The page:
User3 ĂĂ URL3, Time3, Input User25, Input URL5, Time Ă Ă URL2, Time2, Input Ă Ăc, User Click1 URLc, Time URL1b,, Time URLb, Time Click1, Input URL4, Time4, Click URL6, Time6, Click ĂĂ URLa, Timea, Input

Figure 1: User behavior data and browsing graph To overcome these drawbacks, we consider using a more reliable data source and employing a more powerful mathematical model. The first question is whether we can find a better data source than the link graph. Our answer is to utilize the user browsing graph, generated from user behavior data.1 User behavior data can be recorded by Internet browsers at web clients2 and collected at a web server. An example of the data is shown in Figure 1. Each record in the data contains the information of a visit by an anonymous user: URL, time, and method of visiting (URL input or hyperlink click from previous page). In our experiment, such data was recorded and collected from an extremely large group of users under legal agreements with them. Information which could be used to recognize their identities was not included. By integrating the data from hundreds of millions of web users, we can build a user browsing graph, in which vertices represent web pages and directed edges represent real transitions between web pages by users, and furthermore the lengths of time spent on the pages by the users are also included. The user browsing graph can more precisely represent the web surfer’s random walk process, and thus is more useful for calculating page importance. The more visits of the page made by the users and the longer time periods spent by the users on the page, the more likely the page is important. With this graph, we can leverage hundreds of millions of users’ implicit voting on page importance. In this regard, our approach is in accordance with the concept of Web 2.0.3 The second question is what kind of algorithm we should use to leverage the new data source. Obviously, the use of a discretetime Markov process would not be sufficient. In this paper, we define a continuous-time Markov process [23] as the model on the user browsing graph. If we further assume the process to be timehomogenous (which is reasonable as discussed in Section 3), then the stationary probability distribution of the process can be used to define the importance of web pages. We employ the algorithm referred to as BrowseRank, to efficiently compute the stationary probability distribution of the continuous-time Markov process. We make use of an additive noise model to represent the observations with regard to the Markov process and to conduct an unbiased and consistent estimation of the parameters in the process. In addition, we adopt an embedded Markov chain based technology to speed up the calculation of the stationary distribution. Hereafter, if there is no confusion, we will call both the algorithm and the scores output by the algorithm ’BrowseRank’. Experimental results show that BrowseRank can achieve better performance than existing methods, including PageRank and 1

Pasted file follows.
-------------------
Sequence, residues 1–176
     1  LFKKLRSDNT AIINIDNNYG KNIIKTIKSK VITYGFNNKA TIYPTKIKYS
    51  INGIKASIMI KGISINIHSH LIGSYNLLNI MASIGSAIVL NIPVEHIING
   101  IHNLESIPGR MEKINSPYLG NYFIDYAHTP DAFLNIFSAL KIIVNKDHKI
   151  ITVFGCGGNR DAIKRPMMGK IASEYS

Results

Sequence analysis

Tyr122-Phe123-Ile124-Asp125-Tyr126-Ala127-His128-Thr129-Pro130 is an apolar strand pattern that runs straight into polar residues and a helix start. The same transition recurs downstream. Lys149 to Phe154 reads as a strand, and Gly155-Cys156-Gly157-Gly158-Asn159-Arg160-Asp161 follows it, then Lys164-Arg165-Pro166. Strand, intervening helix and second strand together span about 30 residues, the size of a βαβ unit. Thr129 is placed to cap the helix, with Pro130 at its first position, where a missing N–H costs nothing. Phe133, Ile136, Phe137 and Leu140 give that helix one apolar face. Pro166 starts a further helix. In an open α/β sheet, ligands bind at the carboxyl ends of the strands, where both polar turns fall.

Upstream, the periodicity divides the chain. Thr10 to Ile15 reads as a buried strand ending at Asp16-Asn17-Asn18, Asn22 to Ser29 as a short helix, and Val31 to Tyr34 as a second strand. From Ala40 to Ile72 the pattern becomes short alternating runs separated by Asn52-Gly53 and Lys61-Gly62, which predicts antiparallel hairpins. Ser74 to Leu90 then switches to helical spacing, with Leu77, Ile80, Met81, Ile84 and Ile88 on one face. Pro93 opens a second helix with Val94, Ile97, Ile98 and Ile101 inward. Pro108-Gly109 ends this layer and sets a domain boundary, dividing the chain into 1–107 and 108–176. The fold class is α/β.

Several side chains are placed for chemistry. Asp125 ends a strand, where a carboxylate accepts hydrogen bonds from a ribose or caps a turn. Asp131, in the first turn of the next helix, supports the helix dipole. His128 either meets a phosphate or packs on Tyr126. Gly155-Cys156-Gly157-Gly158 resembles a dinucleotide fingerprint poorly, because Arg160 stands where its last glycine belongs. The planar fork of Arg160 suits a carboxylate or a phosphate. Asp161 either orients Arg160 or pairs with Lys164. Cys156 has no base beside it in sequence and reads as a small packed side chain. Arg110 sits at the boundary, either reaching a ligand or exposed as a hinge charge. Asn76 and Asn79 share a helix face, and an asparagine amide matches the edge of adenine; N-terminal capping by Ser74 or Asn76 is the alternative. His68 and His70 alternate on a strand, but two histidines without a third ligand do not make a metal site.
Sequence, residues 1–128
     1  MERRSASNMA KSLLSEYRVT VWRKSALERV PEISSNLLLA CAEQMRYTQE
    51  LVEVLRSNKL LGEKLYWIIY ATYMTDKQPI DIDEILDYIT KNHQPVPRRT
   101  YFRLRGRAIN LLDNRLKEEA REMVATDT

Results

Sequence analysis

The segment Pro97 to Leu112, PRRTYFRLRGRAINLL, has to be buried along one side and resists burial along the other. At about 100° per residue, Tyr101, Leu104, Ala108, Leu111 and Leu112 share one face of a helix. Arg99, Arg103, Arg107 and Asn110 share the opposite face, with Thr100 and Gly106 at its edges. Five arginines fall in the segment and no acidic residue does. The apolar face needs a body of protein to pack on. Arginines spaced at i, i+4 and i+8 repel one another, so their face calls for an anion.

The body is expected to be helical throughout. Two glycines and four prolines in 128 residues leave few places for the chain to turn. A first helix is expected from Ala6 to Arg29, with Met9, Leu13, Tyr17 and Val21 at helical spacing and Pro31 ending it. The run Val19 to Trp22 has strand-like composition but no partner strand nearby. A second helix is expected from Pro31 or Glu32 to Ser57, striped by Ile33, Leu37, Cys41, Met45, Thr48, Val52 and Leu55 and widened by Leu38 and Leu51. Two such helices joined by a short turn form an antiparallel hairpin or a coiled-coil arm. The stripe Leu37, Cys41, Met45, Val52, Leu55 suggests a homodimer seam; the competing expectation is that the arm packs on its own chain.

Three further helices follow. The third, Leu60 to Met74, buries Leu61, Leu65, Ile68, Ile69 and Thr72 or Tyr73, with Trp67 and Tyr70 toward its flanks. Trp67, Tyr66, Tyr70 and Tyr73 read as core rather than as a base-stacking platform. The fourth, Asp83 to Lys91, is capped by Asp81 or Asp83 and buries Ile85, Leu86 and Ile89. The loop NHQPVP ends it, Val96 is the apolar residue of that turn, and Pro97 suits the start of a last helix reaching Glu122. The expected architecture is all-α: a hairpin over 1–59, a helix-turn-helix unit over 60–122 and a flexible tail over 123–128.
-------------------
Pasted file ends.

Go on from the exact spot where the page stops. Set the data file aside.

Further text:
Note that it is also possible to combine link graph and user behavior data to compute page importance. We will not discuss more about this possibility in this paper, and simply leave it as future work. 2 Web search engines such as Google, Yahoo, and Live Search provide client software called toolbars, which can serve the purpose. 3 http://en.eikipedia.org/wiki/Web_2

TrustRank [8] in important page finding, spam page fighting, and relevance ranking. The novelty of this paper lies in the following points. First, we propose using a user browsing graph, mined from user behavior data for computing page importance, which is more reliable and richer than a web link graph. Second, we propose using the continuous-time Markov process to model a random walk on the user browsing graph, which can more powerfully represent page importance. Third, we propose an algorithm called BrowseRank to efficiently compute page importance scores. The rest of the paper is organized as follows. Section 2 introduces related work. Section 3 describes the user browsing graph, the continuous-time Markov process model, and the BrowseRank algorithm. Experimental results are reported in Section 4. Conclusion and future work are given in Section 5.